This huge sum will not be enough to cope, particularly if (as well as banks) large euro members like Italy and Spain are also considered at risk of default. So the EFSF could be expanded – with something around €2tr being the usual figure talked about. None of this money is actual cash sitting in the EFSF account. Instead, the initial pledges to pay will be used to leverage in further money – taking the initial pledges and guarantees, and using them as basis on which to raise more funds from the markets. The theory is that the additional funds can be raised without also creating additional burdens for eurozone members.

To make this financial chicanery work, it has been proposed that the EFSF be turned into the equivalent of the world’s largest Collateralized Debt Obligation. CDOs were the financial devices that allowed banks to treat high-risk subprime mortgage debt as if it were low-risk US government bonds. They were heavily implicated in the financial crash of 2007-8, as the subprime mortgages defaulted and the sophisticated mathematical models used to construct CDOs disastrously unwound.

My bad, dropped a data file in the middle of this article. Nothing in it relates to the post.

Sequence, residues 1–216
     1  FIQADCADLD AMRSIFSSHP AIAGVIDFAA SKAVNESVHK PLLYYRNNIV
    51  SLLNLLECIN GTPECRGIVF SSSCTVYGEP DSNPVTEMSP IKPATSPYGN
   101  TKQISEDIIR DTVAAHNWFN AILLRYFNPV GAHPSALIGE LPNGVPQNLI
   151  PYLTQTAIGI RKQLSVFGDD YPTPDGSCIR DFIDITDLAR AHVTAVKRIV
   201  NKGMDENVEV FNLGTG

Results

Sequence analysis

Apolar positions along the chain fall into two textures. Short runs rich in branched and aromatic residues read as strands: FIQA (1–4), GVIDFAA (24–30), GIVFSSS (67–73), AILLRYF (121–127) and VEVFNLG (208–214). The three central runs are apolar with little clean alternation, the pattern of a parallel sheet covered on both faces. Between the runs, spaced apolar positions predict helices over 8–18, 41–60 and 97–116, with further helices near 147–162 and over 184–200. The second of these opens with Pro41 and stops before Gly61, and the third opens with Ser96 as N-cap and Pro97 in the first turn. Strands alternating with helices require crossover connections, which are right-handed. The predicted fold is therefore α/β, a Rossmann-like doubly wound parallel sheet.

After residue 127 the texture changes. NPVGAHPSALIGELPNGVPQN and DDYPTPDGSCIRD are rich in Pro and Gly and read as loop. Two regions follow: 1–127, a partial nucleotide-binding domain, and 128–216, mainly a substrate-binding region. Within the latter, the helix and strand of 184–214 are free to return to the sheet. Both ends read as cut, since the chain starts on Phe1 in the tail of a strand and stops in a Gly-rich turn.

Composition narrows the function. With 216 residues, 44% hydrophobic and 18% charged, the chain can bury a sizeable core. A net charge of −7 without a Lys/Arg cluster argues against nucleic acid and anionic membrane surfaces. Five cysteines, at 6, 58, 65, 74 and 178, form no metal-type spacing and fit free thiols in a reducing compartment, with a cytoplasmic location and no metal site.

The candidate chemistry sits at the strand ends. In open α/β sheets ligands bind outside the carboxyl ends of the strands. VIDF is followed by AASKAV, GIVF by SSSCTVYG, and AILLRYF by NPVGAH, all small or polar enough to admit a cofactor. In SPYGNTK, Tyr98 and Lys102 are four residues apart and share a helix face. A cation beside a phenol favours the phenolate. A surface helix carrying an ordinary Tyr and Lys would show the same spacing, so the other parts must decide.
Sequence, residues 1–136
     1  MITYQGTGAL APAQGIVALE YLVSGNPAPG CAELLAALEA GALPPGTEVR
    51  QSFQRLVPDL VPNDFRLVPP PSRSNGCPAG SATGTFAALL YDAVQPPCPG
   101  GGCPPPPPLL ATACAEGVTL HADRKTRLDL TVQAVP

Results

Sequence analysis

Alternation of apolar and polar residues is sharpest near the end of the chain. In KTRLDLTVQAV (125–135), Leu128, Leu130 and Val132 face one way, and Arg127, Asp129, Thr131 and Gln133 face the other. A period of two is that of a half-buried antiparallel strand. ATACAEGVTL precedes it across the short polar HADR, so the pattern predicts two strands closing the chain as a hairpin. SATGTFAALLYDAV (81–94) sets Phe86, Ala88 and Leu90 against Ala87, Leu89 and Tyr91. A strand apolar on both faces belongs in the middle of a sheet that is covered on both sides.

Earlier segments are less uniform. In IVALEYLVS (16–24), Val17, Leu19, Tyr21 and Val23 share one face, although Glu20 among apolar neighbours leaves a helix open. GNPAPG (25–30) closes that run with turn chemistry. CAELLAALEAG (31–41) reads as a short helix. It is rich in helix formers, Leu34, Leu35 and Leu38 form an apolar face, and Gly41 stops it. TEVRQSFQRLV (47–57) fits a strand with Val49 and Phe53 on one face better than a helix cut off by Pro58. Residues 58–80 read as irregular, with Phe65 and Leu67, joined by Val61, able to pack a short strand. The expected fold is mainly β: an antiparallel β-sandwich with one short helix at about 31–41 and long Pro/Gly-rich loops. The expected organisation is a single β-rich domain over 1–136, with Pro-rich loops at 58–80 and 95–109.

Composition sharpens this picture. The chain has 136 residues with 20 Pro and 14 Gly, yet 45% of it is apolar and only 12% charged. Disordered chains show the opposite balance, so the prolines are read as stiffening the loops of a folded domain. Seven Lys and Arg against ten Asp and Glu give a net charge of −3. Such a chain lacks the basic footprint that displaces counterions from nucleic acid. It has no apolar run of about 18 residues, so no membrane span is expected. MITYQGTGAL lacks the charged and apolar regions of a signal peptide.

It beggars belief, but the “solution” offered to the sovereign debt crisis this time is to do exactly what sparked the private debt crisis last time round. The essential problem is the same. You can’t destroy the risk attached to a financial asset without also destroying the asset. You can, at best, shove the risk elsewhere. If the bloated new EFSF is ever actually required to bailout on this eyewatering scale, that would become rapidly apparent. Someone, somewhere, would eventually have to make good on all those promises to pay. That means the individual member states. And they cannot afford – and politically do not want to afford – the burden. As the crisis worsens, spreading from country to country, that burden rises.